The finding that invariant tag questions are dominant might suggest that Malaysian barristers are less able to perform power and control with witnesses in cross-examination. However, despite lacking polarity, I argue that invariant tag questions with do you agree, correct/betul, agree/setuju, particle tak/not, and do you know have the same potential to perform control and power as canonical tag questions. The declarative + agree/setuju with the highest affirmatory function was mostly used by lawyers to get affirmative answers from witnesses. The linguistic marker to achieve this function is via a factive sentence with tag agree/setuju that can be used as a request for agreement from the hearers. Secondly, declarative + correct/betul is used by defence lawyers to refute prosecution evidence by exposing inconsistencies and inaccuracies in witnesses’ answers. Lawyers perform the illocutionary force of checking, through a combination of reported speech or writing with the correct/betul tag, that enacts prior evidence testified or reported by witnesses. It is also found that both the invariant tags agree/setuju and correct/betul are very conducive because they make inferences based on existing evidence. Thirdly, we know that a reversed polarity tag question has a strong force for agreement and is highly coercive; however in the MAYCRIM corpus, the declarative + do you agree is also highly coercive. This is because it allows lawyers to impose their version of facts or presuppositions to coerce hearers to accept their assertion.


In response, witnesses demonstrate resistance via disagreement, correction, evasion and challenge, demonstrating that witnesses are able to overcome the power asymmetry that is particularly pronounced in cross-examination, though not without costs. Resistant answers can become a defensive strategy to mitigate lawyers’ dominant power, or can be used as a diversion strategy to disrupt lawyers’ sequences of questions. Interestingly, they can even be used to open up linguistic negotiation between lawyers and witnesses in interaction. A continuum of witnesses’ resistance is suggested for legal practitioners to understand how their questions affect witnesses and at the same time help to prepare their witnesses for courtroom examination. This continuum of witnesses’ resistance is developed from quantitative distributions and qualitative analysis of the data. The continuum suggests that when a least controlling question such as a wh-question is used, the probability of witnesses resisting is higher compared to controlling and coercive questions such as yes/no, declarative and invariant tag questions. The continuum provides a functional framework for lawyers to assess witnesses’ answers and can be a point of reference for lawyers to instruct witnesses and/or defendants on what they might encounter when they are called to testify in the courtroom.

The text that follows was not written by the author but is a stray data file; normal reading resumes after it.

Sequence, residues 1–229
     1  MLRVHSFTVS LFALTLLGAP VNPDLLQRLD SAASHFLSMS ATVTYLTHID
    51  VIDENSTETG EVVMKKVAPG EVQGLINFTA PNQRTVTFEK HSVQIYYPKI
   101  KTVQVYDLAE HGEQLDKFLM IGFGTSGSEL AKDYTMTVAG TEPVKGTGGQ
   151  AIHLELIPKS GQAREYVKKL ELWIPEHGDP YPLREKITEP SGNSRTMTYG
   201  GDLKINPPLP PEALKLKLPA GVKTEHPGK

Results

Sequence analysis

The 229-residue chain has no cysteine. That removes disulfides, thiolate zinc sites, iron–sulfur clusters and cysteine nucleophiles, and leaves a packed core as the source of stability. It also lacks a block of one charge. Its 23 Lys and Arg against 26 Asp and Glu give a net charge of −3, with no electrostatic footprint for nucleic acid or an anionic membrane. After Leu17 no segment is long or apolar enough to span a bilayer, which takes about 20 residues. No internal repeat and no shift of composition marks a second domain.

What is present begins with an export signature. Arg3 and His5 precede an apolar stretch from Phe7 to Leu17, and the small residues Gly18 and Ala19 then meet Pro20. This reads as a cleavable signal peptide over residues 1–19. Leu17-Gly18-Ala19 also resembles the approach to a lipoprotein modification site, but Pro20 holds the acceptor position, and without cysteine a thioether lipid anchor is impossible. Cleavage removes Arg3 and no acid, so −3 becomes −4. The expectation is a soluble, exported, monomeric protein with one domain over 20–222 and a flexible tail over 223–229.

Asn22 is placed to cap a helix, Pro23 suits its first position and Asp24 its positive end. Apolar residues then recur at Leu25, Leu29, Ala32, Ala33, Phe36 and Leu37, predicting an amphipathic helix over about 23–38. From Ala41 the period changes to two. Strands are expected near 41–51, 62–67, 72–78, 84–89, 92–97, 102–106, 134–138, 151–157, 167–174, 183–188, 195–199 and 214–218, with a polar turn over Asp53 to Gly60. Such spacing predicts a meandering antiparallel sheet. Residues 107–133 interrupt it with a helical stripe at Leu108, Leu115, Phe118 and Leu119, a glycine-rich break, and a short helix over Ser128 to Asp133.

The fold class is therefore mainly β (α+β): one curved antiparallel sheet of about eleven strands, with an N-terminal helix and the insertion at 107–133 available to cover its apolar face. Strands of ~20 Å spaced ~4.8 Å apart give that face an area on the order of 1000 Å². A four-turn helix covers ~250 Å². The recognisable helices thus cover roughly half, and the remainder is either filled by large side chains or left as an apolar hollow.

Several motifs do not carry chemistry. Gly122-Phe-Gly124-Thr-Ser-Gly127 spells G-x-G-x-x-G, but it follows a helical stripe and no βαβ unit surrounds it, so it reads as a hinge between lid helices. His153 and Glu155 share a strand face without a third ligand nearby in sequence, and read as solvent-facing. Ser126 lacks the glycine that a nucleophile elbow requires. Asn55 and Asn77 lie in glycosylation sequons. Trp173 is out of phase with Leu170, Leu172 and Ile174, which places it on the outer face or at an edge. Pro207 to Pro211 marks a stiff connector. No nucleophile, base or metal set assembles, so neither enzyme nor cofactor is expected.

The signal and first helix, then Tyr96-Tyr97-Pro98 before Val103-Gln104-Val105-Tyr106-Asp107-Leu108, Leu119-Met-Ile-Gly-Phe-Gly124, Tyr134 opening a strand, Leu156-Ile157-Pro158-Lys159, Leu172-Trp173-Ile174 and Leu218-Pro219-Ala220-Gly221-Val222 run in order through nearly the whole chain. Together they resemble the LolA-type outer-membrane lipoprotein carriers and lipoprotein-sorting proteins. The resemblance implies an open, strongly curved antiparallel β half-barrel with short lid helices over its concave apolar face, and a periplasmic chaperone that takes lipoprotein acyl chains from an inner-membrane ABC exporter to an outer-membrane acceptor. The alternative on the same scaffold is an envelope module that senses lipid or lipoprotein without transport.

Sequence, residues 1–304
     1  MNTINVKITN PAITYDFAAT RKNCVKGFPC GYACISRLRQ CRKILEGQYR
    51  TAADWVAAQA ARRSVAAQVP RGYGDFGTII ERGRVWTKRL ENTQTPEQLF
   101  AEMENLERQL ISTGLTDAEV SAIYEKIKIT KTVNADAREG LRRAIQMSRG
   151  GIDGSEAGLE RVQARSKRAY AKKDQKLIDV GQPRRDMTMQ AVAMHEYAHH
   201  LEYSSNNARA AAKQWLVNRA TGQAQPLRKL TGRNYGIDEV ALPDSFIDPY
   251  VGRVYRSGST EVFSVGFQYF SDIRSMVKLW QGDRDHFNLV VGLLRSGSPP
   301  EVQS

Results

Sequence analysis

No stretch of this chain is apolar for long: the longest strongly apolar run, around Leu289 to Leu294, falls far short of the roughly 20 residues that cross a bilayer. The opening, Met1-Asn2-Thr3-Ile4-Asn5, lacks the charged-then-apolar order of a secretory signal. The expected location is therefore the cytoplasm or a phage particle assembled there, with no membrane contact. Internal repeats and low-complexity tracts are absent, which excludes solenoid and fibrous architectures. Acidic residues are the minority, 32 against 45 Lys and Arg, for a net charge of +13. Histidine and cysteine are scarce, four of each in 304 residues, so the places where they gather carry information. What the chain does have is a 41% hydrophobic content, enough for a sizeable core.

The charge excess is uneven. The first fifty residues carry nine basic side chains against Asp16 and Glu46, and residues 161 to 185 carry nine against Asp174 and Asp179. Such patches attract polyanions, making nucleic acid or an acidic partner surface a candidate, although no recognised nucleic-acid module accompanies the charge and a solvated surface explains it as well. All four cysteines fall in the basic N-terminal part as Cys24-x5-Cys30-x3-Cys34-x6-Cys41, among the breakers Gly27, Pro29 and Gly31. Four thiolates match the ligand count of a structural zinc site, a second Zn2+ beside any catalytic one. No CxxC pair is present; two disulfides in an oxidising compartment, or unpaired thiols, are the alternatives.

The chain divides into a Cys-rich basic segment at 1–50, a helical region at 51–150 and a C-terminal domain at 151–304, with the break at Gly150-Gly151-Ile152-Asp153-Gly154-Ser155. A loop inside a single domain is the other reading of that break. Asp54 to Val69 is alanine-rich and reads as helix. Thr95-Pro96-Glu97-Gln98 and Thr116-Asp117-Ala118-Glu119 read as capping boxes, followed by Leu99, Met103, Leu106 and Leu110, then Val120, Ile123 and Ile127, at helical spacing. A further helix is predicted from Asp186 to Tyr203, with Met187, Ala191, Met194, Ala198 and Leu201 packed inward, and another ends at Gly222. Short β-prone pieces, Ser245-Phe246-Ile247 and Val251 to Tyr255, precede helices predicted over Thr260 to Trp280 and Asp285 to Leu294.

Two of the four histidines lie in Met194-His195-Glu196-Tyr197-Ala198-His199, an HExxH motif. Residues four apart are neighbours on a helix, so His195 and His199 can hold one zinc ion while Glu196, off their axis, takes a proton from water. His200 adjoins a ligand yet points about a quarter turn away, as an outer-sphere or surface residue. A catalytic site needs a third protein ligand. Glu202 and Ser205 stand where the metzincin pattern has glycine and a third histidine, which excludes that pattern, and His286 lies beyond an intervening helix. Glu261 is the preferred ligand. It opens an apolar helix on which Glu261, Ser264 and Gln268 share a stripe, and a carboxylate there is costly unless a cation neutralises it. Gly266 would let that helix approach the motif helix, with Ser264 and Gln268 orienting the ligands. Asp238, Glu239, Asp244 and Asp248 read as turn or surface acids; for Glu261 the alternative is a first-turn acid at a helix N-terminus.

This study makes three original contributions to theory, methodology and practice: 1) to enhance the field of courtroom questioning and pragmatics 2) to propose a range of corpus search terms that are useful for investigating courtroom questioning and 3) with implications for legal practitioners in general, and for Malaysian legal counsels in particular, and where the findings can be a point of reference for legal counsels and legal educators. To conclude, the present study has moved beyond the mere description of linguistic variation in the Malaysian legal system to the range of linguistic phenomena that can have social consequences within the legal system. Its key contribution is not just for academic purposes but will hopefully also have significant implications for lawyer/witness interaction and legal training.


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Halliday, M. A. and Matthiessen, C. M. I. M. (2004) An Introduction to Functional Grammar. London: Hodder Arnold.

Johnson, A. (2018) Are you saying you were stabbed …? Multimodality, embodied action, and dramatised formulations in ‘fixing’ the facts in police interviews with suspects. In M. Mason and F. Rock (eds) The Discourse of Police Investigation 355–393. Chicago: Chicago University Press.

Newbury, P. and Johnson, A. (2006) Suspects’ resistance to constraining and coercive questioning strategies in the police interview. International Journal of Speech, Language and the Law 13(2): 213–240. DOI:

Powell, R. (2008) Bilingual courtrooms: in the interests of justice? In J. Gibbons and M. Turell (eds) Dimensions of Forensic Linguistics 131–159. Amsterdam: John Benjamins. DOI:




How to Cite

Ahmad Sani, N. . (2021). Questioning and answering strategies in Malaysian criminal proceedings: a corpus-based forensic discourse analysis. International Journal of Speech, Language and the Law, 28(1), 145–148.



Thesis Abstracts